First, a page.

OIG Analysis: Regarding the DHS’s first point that not all criminal history records are relevant to all DHS decisions, having access to all criminal records would enable immigration officers to make the most informed decision possible. Currently, consular and immigration officers do not have full access to the most current and complete records contained in IAFIS. Should such access be granted, the immigration officer first would be alerted to a possible fingerprint match and then the visitor would be referred to secondary inspection where the information would be evaluated.
The DHS’s reference to response time is a legitimate concern for primary inspections, and our report makes this point. The FBI stated that IAFIS would provide a TPRS response time of less than 10 minutes and currently the system is averaging 2-3 minutes, although 2 minutes is currently the fastest response time it can produce. However, adjudications that occur in secondary inspections or in consular offices do not have the same time constraints as primary inspection points. Secondary inspections involve checking other databases and questioning the visitor. Therefore, as is the case with processing time, the TPRS transaction response time is much less of an issue for officers working at secondary inspection and the consular offices.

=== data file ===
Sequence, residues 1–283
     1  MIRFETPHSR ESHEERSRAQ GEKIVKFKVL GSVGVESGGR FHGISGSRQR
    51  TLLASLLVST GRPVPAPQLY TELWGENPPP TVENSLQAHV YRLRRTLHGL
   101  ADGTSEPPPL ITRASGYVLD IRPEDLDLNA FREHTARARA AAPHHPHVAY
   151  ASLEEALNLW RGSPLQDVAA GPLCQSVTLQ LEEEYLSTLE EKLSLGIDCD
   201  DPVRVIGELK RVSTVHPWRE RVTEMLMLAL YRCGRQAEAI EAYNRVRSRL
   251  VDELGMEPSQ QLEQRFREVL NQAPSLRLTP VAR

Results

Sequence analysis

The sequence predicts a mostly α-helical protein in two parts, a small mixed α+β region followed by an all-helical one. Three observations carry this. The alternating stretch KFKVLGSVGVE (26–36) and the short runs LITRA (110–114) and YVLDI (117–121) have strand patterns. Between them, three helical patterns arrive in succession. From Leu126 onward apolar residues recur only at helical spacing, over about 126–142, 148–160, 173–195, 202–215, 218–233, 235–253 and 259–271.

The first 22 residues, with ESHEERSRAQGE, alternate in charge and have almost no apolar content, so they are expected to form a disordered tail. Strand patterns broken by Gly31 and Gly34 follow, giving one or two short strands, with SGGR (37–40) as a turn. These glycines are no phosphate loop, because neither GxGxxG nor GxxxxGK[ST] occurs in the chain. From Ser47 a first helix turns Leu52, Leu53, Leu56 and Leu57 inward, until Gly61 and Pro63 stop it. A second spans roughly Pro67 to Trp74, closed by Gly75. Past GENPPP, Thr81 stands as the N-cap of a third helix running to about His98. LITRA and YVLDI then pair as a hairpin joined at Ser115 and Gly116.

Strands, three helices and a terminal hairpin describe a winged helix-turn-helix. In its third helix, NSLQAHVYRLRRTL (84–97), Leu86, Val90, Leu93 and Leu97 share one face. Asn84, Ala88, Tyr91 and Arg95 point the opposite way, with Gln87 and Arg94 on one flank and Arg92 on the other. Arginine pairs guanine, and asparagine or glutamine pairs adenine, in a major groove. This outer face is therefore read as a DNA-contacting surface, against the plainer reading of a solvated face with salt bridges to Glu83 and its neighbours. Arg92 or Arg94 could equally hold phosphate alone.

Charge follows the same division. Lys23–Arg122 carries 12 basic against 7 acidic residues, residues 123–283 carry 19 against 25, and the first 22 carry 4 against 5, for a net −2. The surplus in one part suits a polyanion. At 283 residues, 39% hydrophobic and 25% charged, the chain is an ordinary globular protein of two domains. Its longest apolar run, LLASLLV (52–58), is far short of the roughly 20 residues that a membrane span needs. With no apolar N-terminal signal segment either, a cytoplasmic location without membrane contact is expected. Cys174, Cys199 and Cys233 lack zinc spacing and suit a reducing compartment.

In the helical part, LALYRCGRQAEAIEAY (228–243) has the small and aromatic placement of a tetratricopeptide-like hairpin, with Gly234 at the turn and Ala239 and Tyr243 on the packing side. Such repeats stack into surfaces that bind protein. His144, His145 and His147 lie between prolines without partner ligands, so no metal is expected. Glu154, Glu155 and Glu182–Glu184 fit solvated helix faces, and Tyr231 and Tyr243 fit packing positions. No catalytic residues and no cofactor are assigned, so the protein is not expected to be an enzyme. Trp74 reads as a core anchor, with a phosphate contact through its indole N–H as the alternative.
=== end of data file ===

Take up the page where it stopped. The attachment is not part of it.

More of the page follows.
Regarding IAFIS capacity, we agree with the DHS that IAFIS does not presently have the capacity to handle the volume of transactions associated with US-VISIT. Part I of the report makes this point clearly. Nonetheless, we believe that is it important to fully utilize existing IAFIS capacity. Moreover, decisions on future requirements are needed to enable the FBI to ensure that IAFIS will be prepared to handle a large increase in transactions associated with US-VISIT. We recommended that the DOJ and the FBI coordinate with the DHS to identify the capacity needed to conduct IAFIS searches on all visitors referred to secondary inspection. The DOJ and the FBI concurred with this recommendation.
Regarding IAFIS availability, we agree with the DHS that IAFIS must improve its availability. Part I of the report makes this point clearly. We also made a recommendation that the FBI take steps to ensure that IAFIS meets its system availability requirements of 99 percent; both the DOJ and the FBI concurred with this recommendation.
Regarding the lack of IAFIS backup, we discuss this at some length in Part I of the report. In addition, on page 28 of the report, we added a footnote containing the information that the DHS provided about the redundant US VISIT and IDENT search capability.
Regarding the DHS conclusion that the costs of implementing a ten-fingerprint system are significant and provide little benefit, we believe that conclusion is both premature and not clear. Our report recognized that there would be additional costs to the DHS and the DOS in order to implement a system that takes more than two fingerprints. However, neither the potential for a ten-fingerprint system to identify more criminal aliens among visitors to the United States, nor the potential additional costs of implementing a ten-fingerprint system are known at this point.